(RNS) — For pastors with ambitions to reach huge audiences, there’s often no better platform than the megachurch, which has given rise to powerhouse media empires from T.D. Jakes to Max Lucado to Joel Osteen and many others.
But some high-profile pastors are opting to leave congregational ministry altogether to pursue publishing and other media ventures full time. And that, some observers say, carries its own risks and rewards.
On Sept. 22, up-and-coming pastor Rob Bell announced he’s leaving Mars Hill Bible Church in Grandville, Mich., in December. Bell’s best-selling book, Love Wins, raised more than a few eyebrows with the premise that hell doesn’t include eternal torment. Now he’s moving on.
“Our founding pastor, Rob Bell, has decided to leave Mars Hill in order to devote his full energy to sharing the message of God’s love with a broader audience,” the church said in a statement.
Bell’s resignation makes him the latest in a string a celebrity pastors who have said goodbye to weekly sermons, potluck dinners and other staples of church life. A New Kind of Christianity author Brian McLaren, Crazy Love author Francis Chan, Deep Church author Jim Belcher and the popular British Bible scholar N.T. Wright have all left their church leadership positions in recent years.
Having left high-profile pastoral roles, these big-name pastors have become prolific publishers. But not all evangelicals are convinced the Gospel is well-served when pastors trade a local flock for a global one.
Within hours of the Mars Hill announcement, best-selling author and Saddleback Church Pastor Rick Warren was on Twitter, saying pastors who leave churches have less impact and no base for credibility.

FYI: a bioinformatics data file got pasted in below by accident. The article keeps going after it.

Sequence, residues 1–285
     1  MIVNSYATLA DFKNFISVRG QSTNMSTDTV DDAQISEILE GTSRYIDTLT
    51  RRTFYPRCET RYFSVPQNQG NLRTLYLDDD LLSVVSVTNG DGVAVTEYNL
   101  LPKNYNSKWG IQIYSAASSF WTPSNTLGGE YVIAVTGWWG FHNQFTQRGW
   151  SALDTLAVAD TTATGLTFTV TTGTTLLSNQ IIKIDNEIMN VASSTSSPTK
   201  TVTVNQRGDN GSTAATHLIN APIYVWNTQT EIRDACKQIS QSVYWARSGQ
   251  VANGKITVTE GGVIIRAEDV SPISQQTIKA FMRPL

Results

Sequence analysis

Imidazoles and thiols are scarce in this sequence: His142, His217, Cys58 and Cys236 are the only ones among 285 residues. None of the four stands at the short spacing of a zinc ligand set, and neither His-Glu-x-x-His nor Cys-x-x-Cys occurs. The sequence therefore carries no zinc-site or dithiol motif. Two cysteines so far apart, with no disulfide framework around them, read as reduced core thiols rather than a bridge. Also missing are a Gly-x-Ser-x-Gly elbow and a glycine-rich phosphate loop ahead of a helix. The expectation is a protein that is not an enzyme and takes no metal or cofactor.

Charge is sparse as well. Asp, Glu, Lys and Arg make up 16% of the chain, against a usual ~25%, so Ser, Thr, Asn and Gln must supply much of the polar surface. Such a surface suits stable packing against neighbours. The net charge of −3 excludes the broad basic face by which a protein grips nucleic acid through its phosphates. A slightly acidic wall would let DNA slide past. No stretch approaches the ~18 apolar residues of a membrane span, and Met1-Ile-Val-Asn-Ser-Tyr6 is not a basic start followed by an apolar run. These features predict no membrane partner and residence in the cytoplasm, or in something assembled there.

“Speaking tours feed the ego = All applause & no responsibility,” said one Thursday tweet from Warren. “It’s an unreal world. A church gives accountability & validity.”
It’s not uncommon for megachurch pastor-authors to consider leaving church leadership, according to Rick Christian, president of Alive Communications, a Colorado Springs, Colo., literary agency that represents megachurch pastors. At a certain point, some feel more like a CEO than a shepherd, Christian said, and can be tempted to leave the headaches behind — especially when they’re making good money from royalties.
But he encourages them to go slow and remember that “there’s something inherently great about the accountability that comes with” leading a congregation. Authors who leave that world incur new risks, he said.
“You can have somebody who leaves for the wrong reasons and becomes a lone ranger,” Christian said. “They’re just running and gunning for the Lord on planes, in hotels, zipping around at 30,000 feet. You can lose touch very quickly.”
Others agree parish life keeps communicators grounded. Elaine Heath, associate professor of evangelism at Southern Methodist University’s Perkins School of Theology, noted a long history of leaving the parish for wider outreach opportunities — even Methodism founder John Wesley gave up a settled pulpit to be an itinerant preacher.
But in today’s world, she said, book tours and online virtual relationships are not enough to sustain a pastor’s moral authority.
“Sometimes God calls someone like Brian McLaren to a ‘global parish,'” Heath said. “What I need to know in order for such a person to remain credible is that they are still part of a local faith community with whom they pray, worship and serve in ministry. … Nothing can take the place of flesh and blood community.”
To be sure, many megachurch pastors still find value in sustaining congregational ties. Lucado, for instance, earns his living from various publishing ventures and the royalties on more than 80 million books sold, but he still serves without salary as minister of preaching at Oak Hills Church in San Antonio.
“From a business standpoint, I just think there is a grounding that happens in the local church,” Christian said. “It’s not for everybody. Seasons can change; callings can change. But if you’re called in (to church ministry), make sure you’re called out for all the right reasons.”
— G. Jeffrey MacDonald
© 2011 Religion News Service. Used with permission.
Posted Sept. 26, 2011